The House of Orange Rondel and the Dutch Garden

Below the Picture Gallery in the Eastern Pleasure Garden is a circular (rondel) area with a fountain basin- encircled by eight marble busts. All of those portrayed are connected with the Orange-Nassau family.

To the right of the Picture Gallery’s central staircase, Louise Henriette (1627‒1667), born Princess of Orange-Nassau, who became Electress of Brandenburg (1627‒1667) in 1646, looks at her husband at her side, the Great Elector Frederick William (1620‒1688). This connection is the basis for familial relations between the Brandenburg Hohenzollern and the House of Orange. Their son, later King Frederick I in Prussia, was the first Hohenzollern to receive the title “Prince of Orange”. After the death of the childless stadholder William III of Orange (1650‒1702), Frederick secured part of the inheritance for himself, as noted below.

Louise Henriette of Nassau, Electress of Brandenburg │ Photo: SPSG, Michael Rydzek

The other busts to the right of Louise Henriette represent further members of the family (clockwise): her uncle Prince Philip William (1554‒1618), her brother Prince William II (1626-1650) and his wife Maria Henrietta Stuart (1631‒1660), her mother Amalie of Solms-Braunsfels (1602‒1675), her uncle Prince Maurice (1567‒1625), and finally her father Prince Frederick Henry (1585‒1647).

The Princes of Orange-Nassau exercised royal power as stadholders (governors) of the Dutch Republic. They were representatives of the assembly of the estates in the individual provinces and the Dutch Republic, the Dutch States-General, and leaders of the army and navy. They staged their political influence using means of royal representation and ceremony. Amalie of Solms-Braunsfels, in particular, fervently pursued a marriage strategy for her children aimed at securing European family ties. As the widow of Prince Frederick Henry, she was politically motivated and determined to maintain the power of the House of Orange and hereditary sovereignty. But Amalie also positioned herself as an important patron of the arts, employing, for example, the Wallonian sculptor François Dieussart (1600‒1661) after 1641. In 1646‒47, she commissioned him to create four full-figure statues of the princes of Orange (but instead of Philip William, Prince of Orange, Amalie chose a portrait of his father William I (the Silent)). The statues were installed at the Paleis Huis ten Bosch near The Hague. They came to Potsdam in 1727 as part of the Orange inheritance. They were first set up in the Pleasure Garden and later installed in the Marble Hall at the City Palace. By 1945 the statues were nearly completely destroyed ‒ only a few fragments have resurfaced in recent years. ‒ only a few fragments have resurfaced in recent years.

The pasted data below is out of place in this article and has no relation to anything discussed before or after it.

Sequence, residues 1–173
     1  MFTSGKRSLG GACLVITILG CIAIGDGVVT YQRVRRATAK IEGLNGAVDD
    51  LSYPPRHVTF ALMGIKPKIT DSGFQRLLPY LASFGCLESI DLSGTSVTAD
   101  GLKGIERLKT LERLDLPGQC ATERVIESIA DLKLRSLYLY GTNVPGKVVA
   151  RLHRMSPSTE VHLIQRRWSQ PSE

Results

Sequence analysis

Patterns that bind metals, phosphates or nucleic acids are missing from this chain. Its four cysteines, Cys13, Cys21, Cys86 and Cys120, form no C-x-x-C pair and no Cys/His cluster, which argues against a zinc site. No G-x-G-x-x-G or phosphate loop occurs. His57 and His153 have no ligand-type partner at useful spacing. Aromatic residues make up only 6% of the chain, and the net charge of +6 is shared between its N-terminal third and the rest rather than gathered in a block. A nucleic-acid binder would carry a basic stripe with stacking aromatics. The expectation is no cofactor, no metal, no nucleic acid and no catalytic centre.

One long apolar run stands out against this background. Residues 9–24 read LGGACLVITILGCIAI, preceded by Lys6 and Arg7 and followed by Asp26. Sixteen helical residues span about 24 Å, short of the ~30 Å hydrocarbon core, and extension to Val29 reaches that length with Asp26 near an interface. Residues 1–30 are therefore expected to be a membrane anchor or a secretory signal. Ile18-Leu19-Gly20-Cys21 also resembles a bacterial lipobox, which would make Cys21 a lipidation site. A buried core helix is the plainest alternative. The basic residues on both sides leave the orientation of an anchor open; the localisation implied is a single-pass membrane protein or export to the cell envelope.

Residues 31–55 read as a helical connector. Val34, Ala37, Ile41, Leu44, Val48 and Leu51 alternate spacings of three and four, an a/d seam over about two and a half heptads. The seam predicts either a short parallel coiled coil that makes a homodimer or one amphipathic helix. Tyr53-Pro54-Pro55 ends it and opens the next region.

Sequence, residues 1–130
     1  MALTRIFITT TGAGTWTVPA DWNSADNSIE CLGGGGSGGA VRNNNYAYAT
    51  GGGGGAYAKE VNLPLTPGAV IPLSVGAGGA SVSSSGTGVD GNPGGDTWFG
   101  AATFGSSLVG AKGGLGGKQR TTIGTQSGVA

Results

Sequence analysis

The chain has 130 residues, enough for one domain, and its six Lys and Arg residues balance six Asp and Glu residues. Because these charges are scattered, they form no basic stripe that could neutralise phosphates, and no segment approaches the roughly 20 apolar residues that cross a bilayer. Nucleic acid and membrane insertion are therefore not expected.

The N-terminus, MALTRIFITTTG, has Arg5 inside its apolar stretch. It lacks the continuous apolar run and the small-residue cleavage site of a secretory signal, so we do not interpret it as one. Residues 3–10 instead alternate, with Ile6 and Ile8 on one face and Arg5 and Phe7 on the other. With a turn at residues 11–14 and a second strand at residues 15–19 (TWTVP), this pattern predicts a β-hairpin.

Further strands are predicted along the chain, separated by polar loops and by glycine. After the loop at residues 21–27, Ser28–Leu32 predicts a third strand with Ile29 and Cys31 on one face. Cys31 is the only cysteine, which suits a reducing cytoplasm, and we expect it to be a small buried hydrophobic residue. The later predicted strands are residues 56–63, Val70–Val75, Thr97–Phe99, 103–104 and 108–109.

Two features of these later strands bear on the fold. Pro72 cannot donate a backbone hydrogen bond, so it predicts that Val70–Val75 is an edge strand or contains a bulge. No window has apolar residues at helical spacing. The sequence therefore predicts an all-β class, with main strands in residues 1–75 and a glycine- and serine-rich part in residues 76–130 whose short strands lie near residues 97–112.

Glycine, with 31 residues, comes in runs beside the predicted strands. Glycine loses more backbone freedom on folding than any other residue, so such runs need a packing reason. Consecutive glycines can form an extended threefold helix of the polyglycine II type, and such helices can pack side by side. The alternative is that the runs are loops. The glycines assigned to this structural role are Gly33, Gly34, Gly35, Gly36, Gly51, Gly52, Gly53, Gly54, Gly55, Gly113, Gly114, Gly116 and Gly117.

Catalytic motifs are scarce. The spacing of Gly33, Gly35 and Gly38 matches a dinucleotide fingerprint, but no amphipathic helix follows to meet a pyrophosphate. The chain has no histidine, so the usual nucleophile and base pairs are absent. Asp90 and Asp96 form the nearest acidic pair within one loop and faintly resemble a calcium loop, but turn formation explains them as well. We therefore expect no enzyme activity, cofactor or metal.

During long years of apprenticeship and travelling, Dieussart trained as a sculptor, among other places, in Rome with his fellow countryman François Duquesnoy (1597‒1643). Subsequently, the portraits he produced earned him a prestigious reputation at Protestant princely courts in northern Europe. Berlin belongs to the locations the artist made the most impact, in addition to London, The Hague, Copenhagen, Brussels and Bruges. Dieussart began working for Elector Frederick William of Brandenburg in 1648. He stayed at the Berlin court for two years, around 1650, where he made several busts and a marble statue of the Great Elector (1652).

House of Orange Rondel in Sansscouci Park │ Photo: SPSG, Jürgen Hohmuth

The four original busts of princes included in the Oranierrondell are neither signed nor dated. They were presumably created after the four statues just mentioned. The Great Elector bought them in 1652 from his friend, advisor and the stadholder of Cleves, Prince John Maurice of Nassau-Siegen (1604‒1679), on whose garden grounds in Cleves they had previously stood. The “Italian master Francissen Diesart (?)” is mentioned in the purchase agreement. The location where the Hohenzollern installed the portraits after acquiring them remains unknown. They were first documented under Frederick II of Prussia (1712‒1786). Around 1747‒48, the king used these portraits and four other busts already in the collection to decorate a programmatically laid out rondel below the Picture Gallery in Sanssouci’s Eastern Pleasure Garden. Thus the combination of the portraits of the Princes of the House of Orange with those of Louise Henriette and Frederick William of Brandenburg, Amalie of Solms-Braunfels, and Maria Henrietta Stuart can be traced to Frederick the Great. The latter two works most likely belong to the heirlooms from the House of Orange; Amalie’s portrait was copied by Eduard Stützel (c. 1795‒1862) in 1855. The original is no longer extant. Maria Stuart’s portrait is also attributed to Dieussart.

The portraits of the Brandenburg electoral couple Louise Henriette and Frederick William were made during François Dieussart’s stay in Berlin and are dated 1652. Where the two works were initially installed is unknown. They were replaced by copies around 1902, which, in turn, were placed in storage due to their poor condition. All the busts now on view in the Oranierrondell are modern copies made by various sculptors between 1992 and 1998. Since 1999 the originals have been on display in the House of Orange Hall at Oranienburg Palace, which is primarily dedicated to the early period of the Great Elector and the Electress Louise Henriette, as well as the later era of Frederick I.

– Dr. Silke Kiesant, Kustodin der Skulpturen- und der Uhrensammlung, Stiftung Preußische Schlösser und Gärten

Video Tour of the Dutch Garden

Header Image: House of Orange Rondel and the Dutch Garden in Sanssouci Park │ Photo: SPSG, PMSG, André Stiebitz